City Arts is thrilled to present the premiere of the latest music video from Tomo Nakayama called "The Darkest of Seasons." Be advised: The video contains nudity.
Words by Tomo Nakayama:
The video was a collaboration between me and director Deep Dasgupta, who I've worked with before, and a painter named Emelie Richardson. We took inspiration from an artist named Alex Kanevsky whose work we saw through Synecdoche, New York, a Charlie Kaufman movie that came out a few years ago. Kanevsky did these portraits for the movie and there was something about his aesthetic, his use of color and dramatic poses that spoke to us. We started with his stuff as a jumping-off point and went off on our own thing.
We got 20 volunteers to pose for us and it needed to convey a sense of vulnerability. And exposure. Or openness. Figuratively and literally. That’s why the models are all naked, basically. That’s kind of what the whole song and the album is about: finding strength in vulnerability and allowing yourself to become naked
So we found these volunteers through friends and people from the art world and we shot it over three days in January. We had each person staged in front of the camera and we placed an eight-foot-long window that we put wheels on placed between the subjects and the camera. And Emelie painted these accents and scenes on top of the subject on the window. We spent about 30-40 hours just going through 20 people. Each person took their own approach to the direction and we let them get into their state. And we had them holding the pose for upwards of 30, 40 minutes. It was a real endurance test. Which seems to be a running theme with this album [Fog on the Lens]; when I released it I did 14 shows in a day. The process was similar: You get into a groove, this mental state where you're kind of outside your body and focused on the task at hand. It was a similar feeling I got from creating this video. It became this really meditative exercise. I'd never worked with nude actors before. And a lot of them, it was the first time they were in front of the camera like that. And we found that almost everyone said it became a natural state for them and it felt weird to put clothes on afterwards.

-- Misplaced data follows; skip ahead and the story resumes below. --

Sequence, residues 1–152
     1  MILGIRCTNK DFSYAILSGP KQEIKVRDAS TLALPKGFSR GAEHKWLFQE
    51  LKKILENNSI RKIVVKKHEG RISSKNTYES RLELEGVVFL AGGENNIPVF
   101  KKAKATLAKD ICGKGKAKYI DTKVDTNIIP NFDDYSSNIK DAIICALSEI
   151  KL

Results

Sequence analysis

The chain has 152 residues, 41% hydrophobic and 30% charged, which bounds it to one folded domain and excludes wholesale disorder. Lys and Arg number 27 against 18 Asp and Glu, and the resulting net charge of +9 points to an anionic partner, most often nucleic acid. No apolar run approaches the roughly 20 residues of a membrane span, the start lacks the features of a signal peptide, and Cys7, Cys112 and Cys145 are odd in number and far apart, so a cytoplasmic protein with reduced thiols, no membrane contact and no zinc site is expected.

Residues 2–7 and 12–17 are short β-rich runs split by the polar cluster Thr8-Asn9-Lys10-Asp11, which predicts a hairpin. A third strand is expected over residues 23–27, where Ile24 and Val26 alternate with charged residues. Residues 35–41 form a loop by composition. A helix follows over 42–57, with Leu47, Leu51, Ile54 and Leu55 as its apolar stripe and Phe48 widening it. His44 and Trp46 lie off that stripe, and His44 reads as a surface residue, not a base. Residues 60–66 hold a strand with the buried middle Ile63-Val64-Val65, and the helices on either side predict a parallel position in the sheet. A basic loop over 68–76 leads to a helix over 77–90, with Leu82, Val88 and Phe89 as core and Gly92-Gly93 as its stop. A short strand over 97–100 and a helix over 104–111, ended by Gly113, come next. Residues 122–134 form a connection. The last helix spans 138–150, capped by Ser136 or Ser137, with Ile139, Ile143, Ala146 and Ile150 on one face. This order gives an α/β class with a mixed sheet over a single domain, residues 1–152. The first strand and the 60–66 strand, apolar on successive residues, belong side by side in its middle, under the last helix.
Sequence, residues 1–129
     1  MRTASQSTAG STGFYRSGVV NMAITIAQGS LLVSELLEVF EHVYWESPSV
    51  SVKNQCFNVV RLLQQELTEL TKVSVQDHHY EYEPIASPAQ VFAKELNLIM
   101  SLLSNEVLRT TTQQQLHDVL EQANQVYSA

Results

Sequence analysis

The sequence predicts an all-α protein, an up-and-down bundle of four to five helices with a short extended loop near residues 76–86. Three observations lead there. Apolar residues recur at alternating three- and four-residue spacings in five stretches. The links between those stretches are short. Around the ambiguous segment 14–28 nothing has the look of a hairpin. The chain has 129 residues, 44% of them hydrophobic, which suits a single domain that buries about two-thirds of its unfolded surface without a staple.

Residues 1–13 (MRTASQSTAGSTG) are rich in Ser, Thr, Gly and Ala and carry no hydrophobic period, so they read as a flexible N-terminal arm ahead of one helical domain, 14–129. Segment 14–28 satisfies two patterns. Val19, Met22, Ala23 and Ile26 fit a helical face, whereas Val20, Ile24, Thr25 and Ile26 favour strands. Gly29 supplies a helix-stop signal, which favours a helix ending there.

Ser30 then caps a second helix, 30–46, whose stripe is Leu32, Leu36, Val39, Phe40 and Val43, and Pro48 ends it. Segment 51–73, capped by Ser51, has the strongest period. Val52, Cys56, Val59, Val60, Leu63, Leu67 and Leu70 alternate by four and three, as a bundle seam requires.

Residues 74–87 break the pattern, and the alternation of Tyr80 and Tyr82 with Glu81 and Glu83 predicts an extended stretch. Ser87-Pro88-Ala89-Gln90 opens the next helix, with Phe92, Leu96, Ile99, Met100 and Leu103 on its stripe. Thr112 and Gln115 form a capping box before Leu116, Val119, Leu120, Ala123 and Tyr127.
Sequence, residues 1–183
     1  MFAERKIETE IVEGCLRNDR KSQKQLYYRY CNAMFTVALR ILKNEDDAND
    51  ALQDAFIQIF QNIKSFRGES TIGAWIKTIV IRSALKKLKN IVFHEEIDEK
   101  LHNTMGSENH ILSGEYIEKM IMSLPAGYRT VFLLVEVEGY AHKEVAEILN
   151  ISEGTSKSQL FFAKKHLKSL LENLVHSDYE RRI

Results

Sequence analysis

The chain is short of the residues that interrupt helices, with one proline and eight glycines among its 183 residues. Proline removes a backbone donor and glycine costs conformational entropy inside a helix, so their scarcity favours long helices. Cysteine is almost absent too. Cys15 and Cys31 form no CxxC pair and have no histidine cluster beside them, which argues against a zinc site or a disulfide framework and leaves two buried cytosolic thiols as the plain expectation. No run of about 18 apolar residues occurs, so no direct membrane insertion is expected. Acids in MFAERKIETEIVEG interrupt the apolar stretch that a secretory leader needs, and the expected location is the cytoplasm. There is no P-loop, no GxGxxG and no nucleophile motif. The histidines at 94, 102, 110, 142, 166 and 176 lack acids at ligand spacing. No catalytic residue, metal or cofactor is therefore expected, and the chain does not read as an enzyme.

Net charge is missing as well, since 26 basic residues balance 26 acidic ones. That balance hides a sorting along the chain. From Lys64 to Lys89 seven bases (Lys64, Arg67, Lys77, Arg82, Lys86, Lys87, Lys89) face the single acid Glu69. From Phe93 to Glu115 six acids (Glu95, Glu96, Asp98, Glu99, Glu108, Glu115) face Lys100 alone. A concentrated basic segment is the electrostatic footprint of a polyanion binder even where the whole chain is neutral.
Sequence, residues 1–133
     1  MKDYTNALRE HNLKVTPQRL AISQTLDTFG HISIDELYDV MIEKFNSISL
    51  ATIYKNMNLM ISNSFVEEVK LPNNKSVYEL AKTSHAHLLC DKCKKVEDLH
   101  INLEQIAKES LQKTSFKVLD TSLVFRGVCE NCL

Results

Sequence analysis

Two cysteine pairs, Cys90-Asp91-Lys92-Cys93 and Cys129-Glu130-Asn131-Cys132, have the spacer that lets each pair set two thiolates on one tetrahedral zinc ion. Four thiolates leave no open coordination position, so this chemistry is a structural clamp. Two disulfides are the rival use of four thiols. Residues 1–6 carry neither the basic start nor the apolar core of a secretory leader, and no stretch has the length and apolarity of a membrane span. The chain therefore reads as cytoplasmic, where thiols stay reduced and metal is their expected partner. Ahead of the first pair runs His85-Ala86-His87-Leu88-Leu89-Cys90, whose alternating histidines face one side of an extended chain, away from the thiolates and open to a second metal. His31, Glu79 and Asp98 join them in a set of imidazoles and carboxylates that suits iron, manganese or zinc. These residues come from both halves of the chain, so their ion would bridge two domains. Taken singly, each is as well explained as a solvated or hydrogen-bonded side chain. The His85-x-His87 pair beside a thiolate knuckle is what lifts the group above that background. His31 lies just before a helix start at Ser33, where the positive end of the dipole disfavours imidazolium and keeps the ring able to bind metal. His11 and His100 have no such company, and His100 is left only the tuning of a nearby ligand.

It's also a tribute to my friend George Romansic, who was a longtime musician and distributor and supporter of local music. He passed away from brain cancer the same weekend that we shot the video. I found out he went into hospice the day we started shooting. He was on my mind the entire time we were shooting. And it felt like there were these threads in the video that felt like he was present. And it tells the story of a life and where we're headed afterwards and how it circles back.
I'm still having trouble putting it into words. It was terrifying and it was liberating. It was one of those transformative experiences as an artist—I can honestly say it was one of the best experiences I've had creating something